January 08, 2007

Breaking the stigma of mental illness

"Just as the sun's warmth, nutrients in the soil, and regular watering produce healthy sunflowers, so do the warmth of family and friends and the nurturing of a supportive community produce people — including those with mental illness — who contribute to society."

So speaks my American childhood friend, the mother of a 38-year-old daughter diagnosed with schizophrenia more than twenty years ago, and, more recently, with obsessive compulsive disorder (OCD).

It has been said that you can’t make old friends. One of my chief delights in bihemispheral living has been rediscovering decades later, in Israel, my childhood friend. During high school, we studied together at the Herzliah Hebrew Teachers Institute (merged with the Division of Judaic Studies, Touro College, NY). On our graduation from City College of New York, she moved to Israel, and I to Cambridge, Massachusetts, each to marry and pursue postgraduate education and careers, and she to raise her children.

In 2002, when I launched my journey of connecting with my roots, spending part of each year in the USA and part in Israel, I found my childhood friend! We eagerly shared life stories since we last met. And while we revealed more each successive meeting, she was guarded when describing her children.

Months later she allowed that one child had health problems. Several more months had passed when she added that the child had mental health issues. Gradually (I never asked or pried, just listened carefully), she told of her firstborn who by age 18 was an excellent student, a fashion-conscious teen with motivation, plans, and joy in life. And then, suddenly, their world seemed to collapse. Her child began to show a series of unexplained behavioral anomalies, severe anxieties, and depressions, and the family launched a terrifying frantic scrambling for diagnoses, treatments, and specialists.

And then came the shame. . . and the guilt, anger, and self pity, and feeling cheated and distraught by having to give up dreams and expectations. All these responses accompanied her need to cope with the stigma of mental illness. Even today, after 18 years of her child's and the family's rehabilitation, mentoring, struggles, and active involvement in Enosh (the Israel Mental Health Association), my childhood friend didn't have to ask (though she did) that I respect her and her family's anonymity in this post.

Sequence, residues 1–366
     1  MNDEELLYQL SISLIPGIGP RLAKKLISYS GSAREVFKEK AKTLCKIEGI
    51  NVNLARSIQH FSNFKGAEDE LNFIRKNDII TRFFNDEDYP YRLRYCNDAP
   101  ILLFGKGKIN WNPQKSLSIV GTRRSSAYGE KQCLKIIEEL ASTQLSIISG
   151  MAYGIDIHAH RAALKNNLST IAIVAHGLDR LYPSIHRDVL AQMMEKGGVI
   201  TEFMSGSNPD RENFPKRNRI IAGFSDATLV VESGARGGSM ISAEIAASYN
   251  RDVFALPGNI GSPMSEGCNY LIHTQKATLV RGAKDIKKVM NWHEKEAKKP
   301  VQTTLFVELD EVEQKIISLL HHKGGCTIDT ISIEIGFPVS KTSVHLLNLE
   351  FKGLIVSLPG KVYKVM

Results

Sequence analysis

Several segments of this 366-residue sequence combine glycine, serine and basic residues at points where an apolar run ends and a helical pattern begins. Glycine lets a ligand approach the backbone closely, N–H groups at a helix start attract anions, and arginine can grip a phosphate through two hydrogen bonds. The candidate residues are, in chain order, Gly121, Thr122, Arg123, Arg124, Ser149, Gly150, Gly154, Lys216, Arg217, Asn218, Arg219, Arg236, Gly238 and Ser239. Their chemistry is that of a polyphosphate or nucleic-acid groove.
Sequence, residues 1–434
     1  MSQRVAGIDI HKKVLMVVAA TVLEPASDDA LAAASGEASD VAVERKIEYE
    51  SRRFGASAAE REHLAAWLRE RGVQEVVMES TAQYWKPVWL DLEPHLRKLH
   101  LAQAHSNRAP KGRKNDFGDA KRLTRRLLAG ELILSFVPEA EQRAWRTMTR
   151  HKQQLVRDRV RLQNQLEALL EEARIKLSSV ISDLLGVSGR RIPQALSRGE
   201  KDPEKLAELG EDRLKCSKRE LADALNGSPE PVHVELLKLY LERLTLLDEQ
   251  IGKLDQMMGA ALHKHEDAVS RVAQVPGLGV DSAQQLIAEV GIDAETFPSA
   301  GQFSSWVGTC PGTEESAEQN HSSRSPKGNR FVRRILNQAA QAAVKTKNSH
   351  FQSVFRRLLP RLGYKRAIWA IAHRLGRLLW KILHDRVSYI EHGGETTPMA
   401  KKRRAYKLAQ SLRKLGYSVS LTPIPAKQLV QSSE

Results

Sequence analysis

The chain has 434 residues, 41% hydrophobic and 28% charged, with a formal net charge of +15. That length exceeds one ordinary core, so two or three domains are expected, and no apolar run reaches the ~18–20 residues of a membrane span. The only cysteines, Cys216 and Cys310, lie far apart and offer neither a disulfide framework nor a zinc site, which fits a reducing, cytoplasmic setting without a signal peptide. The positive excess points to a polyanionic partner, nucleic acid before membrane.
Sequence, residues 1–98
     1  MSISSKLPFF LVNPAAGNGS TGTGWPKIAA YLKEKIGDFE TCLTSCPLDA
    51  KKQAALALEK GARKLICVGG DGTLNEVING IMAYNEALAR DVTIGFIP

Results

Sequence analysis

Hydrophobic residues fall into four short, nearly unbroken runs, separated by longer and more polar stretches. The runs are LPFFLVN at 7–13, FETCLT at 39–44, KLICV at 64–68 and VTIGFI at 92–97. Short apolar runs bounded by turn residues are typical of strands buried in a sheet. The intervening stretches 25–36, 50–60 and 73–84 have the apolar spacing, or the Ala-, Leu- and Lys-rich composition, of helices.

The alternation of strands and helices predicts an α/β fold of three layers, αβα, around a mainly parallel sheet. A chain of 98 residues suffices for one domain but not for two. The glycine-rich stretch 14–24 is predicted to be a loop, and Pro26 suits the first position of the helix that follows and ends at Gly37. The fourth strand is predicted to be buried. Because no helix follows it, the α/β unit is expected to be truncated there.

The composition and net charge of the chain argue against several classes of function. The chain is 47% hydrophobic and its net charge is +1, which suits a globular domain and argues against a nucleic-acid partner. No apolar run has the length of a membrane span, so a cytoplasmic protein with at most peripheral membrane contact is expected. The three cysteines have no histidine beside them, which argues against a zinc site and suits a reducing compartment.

Recently, my friend invited me to an Enosh-sponsored event in Tel Aviv. Israeli television personality Tzofit Grant introduced the evening in a dialogue with her brother, Amiram, who fell ill with schizophrenia 15 years ago at age 32. Tzofit explained that while she was at Amiram's side during periods that he stopped eating and announced that he was the Messiah, to the world she lied, "He is hospitalized on account of an auto accident." Tzofit shared that ten years passed before she "came out of the closet" and began to address the stigma.

A determined mood filled the meeting space where more than 200 people gathered, often shouting support for speakers' calls to —
  • Break open the secret, come out of the closet of shame.
  • Break down the prejudices and the fears in society.
  • Provide these folks, the consumers — warmth, support, and rehabilitation.
Stigmas have no place in the modern world. My friend challenges us to "Eliminate the stigma so that these folks can move beyond the illness, develop the healthy parts of their personalities, and make positive contributions to society."


littlepurplecow said...

Thanks for sharing this story, Tamar. I went on to learn more about schizophrenia on wikipedia here where I learned that "schizophrenia is not synonymous with dissociative identity disorder, also known as multiple personality disorder or 'split personality'; in popular culture the two are often confused." The more we seek, learn and share, the more open, aware and compassionate we become.

Tamar Orvell said...

littlepurplecow, Your last sentence nails it. Enosh conference and workshop planners are discussing including "stigma" as one of many core content threads in its continuing education programs. These programs aim to attain the ends you list in that last sentence, among other ends.

V-Grrrl said...

Even when we know intellectually that shame and fear are inappropriate responses to mental illness, it is hard to let go of those damaging emotions.

Mental illness is frightening because it seems to steal the very soul of a person, and leave us with someone we don't recognize or understand and feel we can't reach. It's an enormous loss to bear and even harder to explain.

I hope that as medical science unravels the mysteries of why people become ill and how we can best treat them and respond to them, the stigma will gradually diminish.

Anonymous said...

I applaud your friend whom has dealt with her daughter's disorder and has come out on top. All through those years, dealing with her daughter's illness, she has done everything in her power towards one goal - doing her utmost to help her daughter in any way she can. She has really been successful. Your friend whom I know personally is an unbelievable person. Because of her efforts her daughter is now a person who works, lives on her own and enjoys life.